Pycnogenol®: A Long History of Use
Medicine men and doctors have prescribed pine bark to treat a variety of conditions for over two thousand years. Hippocrates, considered the founder of modern medicine, used pine bark as a remedy for inflammatory diseases in the 4th
century B.C. Native Americans consumed pine bark in food and drinks and medicinally applied it to inflamed wounds and ulcers (Packer, Rimbach, and Virgili, 1999). When the French explorer Jacques Cartier found his ship stranded in the dead of winter, 1535, the crew began to suffer from scurvy. A friendly Quebec Indian suggested a tea made from pine bark; miraculously, the sailors recovered. In the 1960’s Canadian scientist Jacques Masquelier found Cartier’s writings, searched for the specific species of pine that had saved the explorers, and later, patented this powerful compound under the name Pycnogenol®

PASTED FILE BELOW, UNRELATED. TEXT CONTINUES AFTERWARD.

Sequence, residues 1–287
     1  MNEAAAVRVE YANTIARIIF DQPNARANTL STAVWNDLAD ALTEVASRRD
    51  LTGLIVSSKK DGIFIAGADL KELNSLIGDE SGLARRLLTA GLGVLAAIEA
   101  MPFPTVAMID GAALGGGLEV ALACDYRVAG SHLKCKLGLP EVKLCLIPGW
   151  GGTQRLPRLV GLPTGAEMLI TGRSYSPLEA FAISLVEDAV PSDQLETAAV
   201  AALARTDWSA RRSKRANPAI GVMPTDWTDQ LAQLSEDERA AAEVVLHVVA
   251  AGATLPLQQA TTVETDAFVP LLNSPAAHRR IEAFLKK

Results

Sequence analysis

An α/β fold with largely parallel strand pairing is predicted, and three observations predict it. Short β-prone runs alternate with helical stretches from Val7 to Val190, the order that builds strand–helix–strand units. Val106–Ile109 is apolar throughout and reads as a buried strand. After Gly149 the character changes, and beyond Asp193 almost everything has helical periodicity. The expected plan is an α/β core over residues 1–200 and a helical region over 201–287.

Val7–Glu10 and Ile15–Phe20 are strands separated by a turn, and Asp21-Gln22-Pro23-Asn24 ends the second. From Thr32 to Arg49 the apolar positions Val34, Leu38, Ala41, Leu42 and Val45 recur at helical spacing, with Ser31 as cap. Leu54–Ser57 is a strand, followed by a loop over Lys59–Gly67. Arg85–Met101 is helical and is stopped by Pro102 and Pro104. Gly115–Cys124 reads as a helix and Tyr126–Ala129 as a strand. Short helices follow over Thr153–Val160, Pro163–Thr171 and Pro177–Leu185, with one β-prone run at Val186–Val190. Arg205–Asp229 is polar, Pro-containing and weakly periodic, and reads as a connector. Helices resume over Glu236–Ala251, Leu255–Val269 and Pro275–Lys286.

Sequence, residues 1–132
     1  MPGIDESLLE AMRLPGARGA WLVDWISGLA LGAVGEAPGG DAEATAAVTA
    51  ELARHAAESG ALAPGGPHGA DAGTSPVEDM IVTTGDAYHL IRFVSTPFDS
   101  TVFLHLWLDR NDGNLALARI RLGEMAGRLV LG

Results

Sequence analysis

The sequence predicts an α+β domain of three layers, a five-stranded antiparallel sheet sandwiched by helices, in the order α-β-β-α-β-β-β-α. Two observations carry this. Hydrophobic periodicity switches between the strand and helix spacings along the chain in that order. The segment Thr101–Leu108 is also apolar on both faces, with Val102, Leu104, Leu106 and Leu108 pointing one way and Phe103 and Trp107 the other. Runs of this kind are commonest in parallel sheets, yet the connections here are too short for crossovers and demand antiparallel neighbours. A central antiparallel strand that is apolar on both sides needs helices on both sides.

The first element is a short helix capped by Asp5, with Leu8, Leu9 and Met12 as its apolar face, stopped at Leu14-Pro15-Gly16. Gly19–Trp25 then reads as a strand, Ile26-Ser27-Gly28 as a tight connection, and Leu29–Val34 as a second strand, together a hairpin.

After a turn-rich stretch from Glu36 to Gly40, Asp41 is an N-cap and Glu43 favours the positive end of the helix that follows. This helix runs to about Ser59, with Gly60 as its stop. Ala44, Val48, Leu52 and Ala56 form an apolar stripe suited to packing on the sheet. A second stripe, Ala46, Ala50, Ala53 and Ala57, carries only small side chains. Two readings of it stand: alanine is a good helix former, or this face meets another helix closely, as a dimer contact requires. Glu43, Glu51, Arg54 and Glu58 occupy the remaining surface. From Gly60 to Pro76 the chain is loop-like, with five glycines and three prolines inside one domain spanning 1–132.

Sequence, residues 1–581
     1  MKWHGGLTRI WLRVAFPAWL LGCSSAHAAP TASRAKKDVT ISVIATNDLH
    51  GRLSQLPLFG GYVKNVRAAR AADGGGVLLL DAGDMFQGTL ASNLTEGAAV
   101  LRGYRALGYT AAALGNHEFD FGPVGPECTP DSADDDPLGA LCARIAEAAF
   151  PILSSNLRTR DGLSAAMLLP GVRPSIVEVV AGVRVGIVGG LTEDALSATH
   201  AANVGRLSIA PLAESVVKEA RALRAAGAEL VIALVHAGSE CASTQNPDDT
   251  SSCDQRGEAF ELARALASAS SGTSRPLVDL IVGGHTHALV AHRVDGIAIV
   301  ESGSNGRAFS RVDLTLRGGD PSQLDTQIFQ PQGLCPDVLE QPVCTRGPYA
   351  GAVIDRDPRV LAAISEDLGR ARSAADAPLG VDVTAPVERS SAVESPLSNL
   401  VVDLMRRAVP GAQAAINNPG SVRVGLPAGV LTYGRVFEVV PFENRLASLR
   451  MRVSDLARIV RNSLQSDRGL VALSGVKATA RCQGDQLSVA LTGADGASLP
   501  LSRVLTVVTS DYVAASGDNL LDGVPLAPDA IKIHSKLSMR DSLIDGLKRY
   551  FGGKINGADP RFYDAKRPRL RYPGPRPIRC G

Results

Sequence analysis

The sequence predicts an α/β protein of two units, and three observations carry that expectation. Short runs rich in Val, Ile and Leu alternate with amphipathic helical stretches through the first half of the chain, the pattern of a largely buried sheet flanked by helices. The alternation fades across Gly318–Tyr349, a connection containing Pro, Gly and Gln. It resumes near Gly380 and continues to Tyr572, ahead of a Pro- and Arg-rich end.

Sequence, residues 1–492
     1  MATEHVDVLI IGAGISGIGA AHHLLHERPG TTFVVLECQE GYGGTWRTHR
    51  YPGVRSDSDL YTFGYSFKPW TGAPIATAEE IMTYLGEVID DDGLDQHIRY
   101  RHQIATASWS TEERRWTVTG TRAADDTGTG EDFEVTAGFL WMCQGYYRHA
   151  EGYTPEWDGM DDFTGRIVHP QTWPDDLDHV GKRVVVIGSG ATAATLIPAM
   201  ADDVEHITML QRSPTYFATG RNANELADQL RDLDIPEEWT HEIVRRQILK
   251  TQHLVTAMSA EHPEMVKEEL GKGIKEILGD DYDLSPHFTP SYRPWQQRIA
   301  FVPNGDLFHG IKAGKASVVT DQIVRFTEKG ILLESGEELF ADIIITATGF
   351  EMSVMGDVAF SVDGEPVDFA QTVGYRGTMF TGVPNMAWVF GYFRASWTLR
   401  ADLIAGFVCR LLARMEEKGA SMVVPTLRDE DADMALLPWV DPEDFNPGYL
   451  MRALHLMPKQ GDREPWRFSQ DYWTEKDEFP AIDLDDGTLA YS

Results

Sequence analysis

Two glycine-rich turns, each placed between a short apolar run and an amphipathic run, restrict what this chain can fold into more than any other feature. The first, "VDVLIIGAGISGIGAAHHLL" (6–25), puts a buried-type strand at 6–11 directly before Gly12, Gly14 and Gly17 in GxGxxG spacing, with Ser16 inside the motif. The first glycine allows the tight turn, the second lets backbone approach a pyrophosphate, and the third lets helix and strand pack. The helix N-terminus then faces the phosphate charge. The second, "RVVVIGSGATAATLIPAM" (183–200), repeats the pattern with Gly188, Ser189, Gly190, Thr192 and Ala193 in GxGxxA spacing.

(Packer and Colman, 125-126). With the rediscovery of this extremely powerful antioxidant, modern science has begun to document and discover the strong protective and healing properties of Pycnogenol.
A Super Antioxidant
Today, Pycnogenol is extracted from the French maritime pine grown in Southern France. Trees must grow at least 20-25 years before being harvested to guarantee a consistent complex rich in proanthocyanidins (a class of flavonoids), catechin, epicatechin, and taxifolin, as well as other still unidentified components. The raw product – a light rust brown colored powder – gives Pycnogenol crèmes, gels, and lotions
their characteristic color. If a skin care product claims to contain Pycnogenol yet is not colored, it probably does not contain enough Pycnogenol to be therapeutic. [caption id="attachment_997" align="alignleft" width="510"]
By improving microcirculation, Pycnogenol can help reduce under-eye puffiness caused by leaky capillaries (but not fat pads). Pycnogenol strengthens capillaries, preventing leakage, and encourages the capillary system to reabsorb the fluid.[/caption]